Glendale, CA officials apologize after sending bogus evacuation warning

Glendale, CA officials apologize after sending bogus evacuation warning

Los Angeles County residents had a rude awakening Saturday when a bogus emergency evacuation alert rattled thousands of locals from their beds, according to reports.

The notification, sent out around 9 a.m., warned residents to scramble from their homes and report and to an area evacuation center.

According to the faulty message, all Chevy Chase Canyon residents were to report to an evacuation site at Glendale Community College.

The alarming alert was followed by another that said it was just a drill — leaving many residents annoyed, according to the Los Angeles Times.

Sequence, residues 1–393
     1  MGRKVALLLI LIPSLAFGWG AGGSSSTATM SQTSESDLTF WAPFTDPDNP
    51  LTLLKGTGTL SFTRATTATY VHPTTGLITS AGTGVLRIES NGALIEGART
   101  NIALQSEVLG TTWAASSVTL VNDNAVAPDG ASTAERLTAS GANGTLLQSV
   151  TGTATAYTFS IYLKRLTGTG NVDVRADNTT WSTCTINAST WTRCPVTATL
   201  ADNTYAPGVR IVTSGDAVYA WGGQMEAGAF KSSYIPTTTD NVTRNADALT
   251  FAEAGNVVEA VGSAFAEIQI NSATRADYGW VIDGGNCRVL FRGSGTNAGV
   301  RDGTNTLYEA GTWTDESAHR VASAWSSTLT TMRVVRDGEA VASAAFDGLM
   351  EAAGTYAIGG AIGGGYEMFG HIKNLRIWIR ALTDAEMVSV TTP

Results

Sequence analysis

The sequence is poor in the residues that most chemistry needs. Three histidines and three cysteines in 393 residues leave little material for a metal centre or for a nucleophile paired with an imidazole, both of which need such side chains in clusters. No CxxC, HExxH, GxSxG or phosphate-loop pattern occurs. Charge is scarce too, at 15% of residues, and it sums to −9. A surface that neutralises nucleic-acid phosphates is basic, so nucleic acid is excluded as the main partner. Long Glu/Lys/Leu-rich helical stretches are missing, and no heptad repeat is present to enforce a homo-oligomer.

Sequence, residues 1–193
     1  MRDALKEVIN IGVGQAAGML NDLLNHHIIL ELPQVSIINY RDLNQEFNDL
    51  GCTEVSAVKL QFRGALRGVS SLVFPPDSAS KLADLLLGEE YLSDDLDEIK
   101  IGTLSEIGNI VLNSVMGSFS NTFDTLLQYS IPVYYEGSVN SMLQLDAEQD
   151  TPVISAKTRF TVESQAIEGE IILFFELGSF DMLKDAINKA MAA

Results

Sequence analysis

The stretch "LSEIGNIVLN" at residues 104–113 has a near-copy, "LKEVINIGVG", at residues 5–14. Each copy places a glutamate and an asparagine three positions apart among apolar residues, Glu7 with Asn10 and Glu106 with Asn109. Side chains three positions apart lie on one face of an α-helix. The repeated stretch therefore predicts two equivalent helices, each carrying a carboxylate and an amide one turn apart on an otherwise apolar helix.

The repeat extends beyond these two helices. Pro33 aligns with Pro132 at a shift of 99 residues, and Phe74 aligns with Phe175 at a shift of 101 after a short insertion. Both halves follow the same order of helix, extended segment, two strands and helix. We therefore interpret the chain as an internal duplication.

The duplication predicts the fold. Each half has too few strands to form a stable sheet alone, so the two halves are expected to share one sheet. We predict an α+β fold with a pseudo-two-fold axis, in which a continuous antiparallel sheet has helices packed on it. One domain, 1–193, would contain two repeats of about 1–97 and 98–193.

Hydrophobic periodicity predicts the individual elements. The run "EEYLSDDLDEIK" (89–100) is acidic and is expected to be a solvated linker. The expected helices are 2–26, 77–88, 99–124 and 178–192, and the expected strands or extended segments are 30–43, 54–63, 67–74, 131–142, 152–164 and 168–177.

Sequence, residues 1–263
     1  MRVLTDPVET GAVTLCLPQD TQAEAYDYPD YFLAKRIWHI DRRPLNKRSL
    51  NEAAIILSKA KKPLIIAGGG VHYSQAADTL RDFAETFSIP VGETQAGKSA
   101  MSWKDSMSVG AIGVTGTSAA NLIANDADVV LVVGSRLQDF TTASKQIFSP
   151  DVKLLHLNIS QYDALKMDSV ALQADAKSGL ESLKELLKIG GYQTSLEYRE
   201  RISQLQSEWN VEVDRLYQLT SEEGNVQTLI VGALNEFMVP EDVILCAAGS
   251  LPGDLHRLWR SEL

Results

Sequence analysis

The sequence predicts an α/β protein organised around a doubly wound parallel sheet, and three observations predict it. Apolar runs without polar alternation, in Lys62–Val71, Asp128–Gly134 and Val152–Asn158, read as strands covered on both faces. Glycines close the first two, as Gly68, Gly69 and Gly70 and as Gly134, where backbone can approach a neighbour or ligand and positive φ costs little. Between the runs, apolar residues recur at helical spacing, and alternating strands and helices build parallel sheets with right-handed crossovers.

Red-faced Glendale city officials issued an apology Monday, saying in a statement that the alert was a result of a computer glitch — and they would make sure it didn’t happen again.

“Although the messaging error on Saturday has largely overshadowed the intent of the exercise, we cannot allow this error to take away from the importance and need for these types of drills,” Glendale Fire Chief and Deputy City Manager Silvio Lanzas said in the statement.

“On behalf of the City of Glendale, I offer my sincerest apology to anyone who was negatively affected by Saturday’s errant message,” he said.

Several residents complained that the alerts were confusing and vague.

“Alarming to be woken to this alarm scrambling to check on family (and) community. And then later find out that it was not real,” activist Héctor Manuel Ramírez wrote on Twitter.

“This lack of planning (and) consideration when sending your message can contribute to folks not taking such life-threatening emergencies seriously.”

City officials of Pasadena attempted to downplay the situation by tweeting out that it was a drill and no action was required.

Glendale officials have not said how many people got both alerts.

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